Southwest Airlines caps bookings through Thanksgiving as holiday season looms
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Southwest Airlines will now cap the number of passengers on its flights through November to boost traveler confidence, following the lead of other carriers even as the industry girds itself for a tough coronavirus pandemic winter.
The Dallas-based discounter has extended its booking caps that allow middle seats to remain open on all of its flights through Nov. 30, Southwest said Wednesday. The move covers the historically busy Thanksgiving travel period, but not Christmas and New Years.
The extended flyer cap, which had been set to run through Oct. 31, comes as Southwest prepares for what will be a rough fall and winter. The airline has cut its schedule in September and October from a summer peak and — despite plans to add three new cities to its map by year-end — is preparing to be at least a quarter smaller in December than it was a year ago.
Air travel in the U.S. remains down around 70% compared to 2019, according to latest data from trade group Airlines for America (A4A). While a solid recovery from the depths of April when travel was down more than 90%, the road ahead is expected to be long with a full return to pre-pandemic levels not expected until at least 2024.
“The worst is clearly over, but the recovery in demand is clearly stalling,” said Cowen analyst Helane Becker in a report on Sept. 10.
While summer travel recovered faster than analysts at Cowen expected, they do not expect Transportation Security Administration (TSA) screenings to hit one million a day until either the Thanksgiving or Christmas holidays. But even that would be less than half the number of people who flew at the same time a year ago.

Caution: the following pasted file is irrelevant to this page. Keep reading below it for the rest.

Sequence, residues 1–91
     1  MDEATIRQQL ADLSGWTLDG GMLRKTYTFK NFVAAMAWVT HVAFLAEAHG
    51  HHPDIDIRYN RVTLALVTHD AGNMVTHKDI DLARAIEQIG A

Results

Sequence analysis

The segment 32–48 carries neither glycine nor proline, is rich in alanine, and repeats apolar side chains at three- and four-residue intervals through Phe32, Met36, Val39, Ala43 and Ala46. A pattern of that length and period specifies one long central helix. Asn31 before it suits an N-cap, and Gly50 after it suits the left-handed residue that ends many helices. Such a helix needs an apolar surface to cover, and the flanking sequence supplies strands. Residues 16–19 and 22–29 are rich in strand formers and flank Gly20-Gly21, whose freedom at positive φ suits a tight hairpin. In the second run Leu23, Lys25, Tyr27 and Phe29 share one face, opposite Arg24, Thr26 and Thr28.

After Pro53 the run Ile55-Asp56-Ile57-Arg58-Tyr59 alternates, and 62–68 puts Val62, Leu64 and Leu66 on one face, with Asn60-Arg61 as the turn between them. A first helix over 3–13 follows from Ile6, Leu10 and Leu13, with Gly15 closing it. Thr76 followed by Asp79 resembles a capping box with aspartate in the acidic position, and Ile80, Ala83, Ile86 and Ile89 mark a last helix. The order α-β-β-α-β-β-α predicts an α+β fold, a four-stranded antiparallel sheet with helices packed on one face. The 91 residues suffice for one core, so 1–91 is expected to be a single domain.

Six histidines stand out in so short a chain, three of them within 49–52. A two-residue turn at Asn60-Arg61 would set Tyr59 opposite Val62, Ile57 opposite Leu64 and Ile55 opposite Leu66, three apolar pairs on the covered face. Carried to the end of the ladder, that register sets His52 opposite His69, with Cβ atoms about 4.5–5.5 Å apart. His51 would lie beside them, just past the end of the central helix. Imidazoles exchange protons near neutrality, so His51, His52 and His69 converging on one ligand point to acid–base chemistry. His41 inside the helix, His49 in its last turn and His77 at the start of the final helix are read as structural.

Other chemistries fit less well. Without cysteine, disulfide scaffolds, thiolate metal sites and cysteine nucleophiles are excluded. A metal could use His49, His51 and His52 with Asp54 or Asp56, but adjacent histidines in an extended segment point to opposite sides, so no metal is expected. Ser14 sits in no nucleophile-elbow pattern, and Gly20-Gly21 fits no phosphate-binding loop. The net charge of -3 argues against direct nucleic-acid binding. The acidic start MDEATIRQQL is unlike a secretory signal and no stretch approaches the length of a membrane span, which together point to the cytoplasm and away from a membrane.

TSA screenings hit a pandemic high of 968,673 people on Sept. 4, the Friday before Labor Day weekend. Screening numbers have since fallen, except for on the odd Sunday, to below 800,000 people a day.
With flyer numbers low — and expected to stay low — Southwest’s decision to extend booking caps in the name of traveler “confidence,” as the carrier put it, appears more marketing ploy than COVID-19 safety measure. Delta Air Lines similarly considers its blocking of middle seats more about making travelers comfortable to fly than protection agains the virus.
For now, Delta is blocking seats through Jan. 6, the longest of any U.S. airline. Alaska Airlines is limiting the number of travelers on its flights through Oct. 31 and JetBlue Airways through at least Oct. 15.
American Airlines and United Airlines are notably not blocking seats or capping bookings. Both say that other measures, from enhanced cleaning procedures to mandating all travelers wear masks, keep flyers safe from COVID-19.
Southwest is doing everything in its power to break even by year end. The airline has slashed expenses and enough staff have taken voluntary leaves or departure packages to avoid furloughs this fall.
Featured image by John Tlumacki/The Boston Globe via Getty Images.
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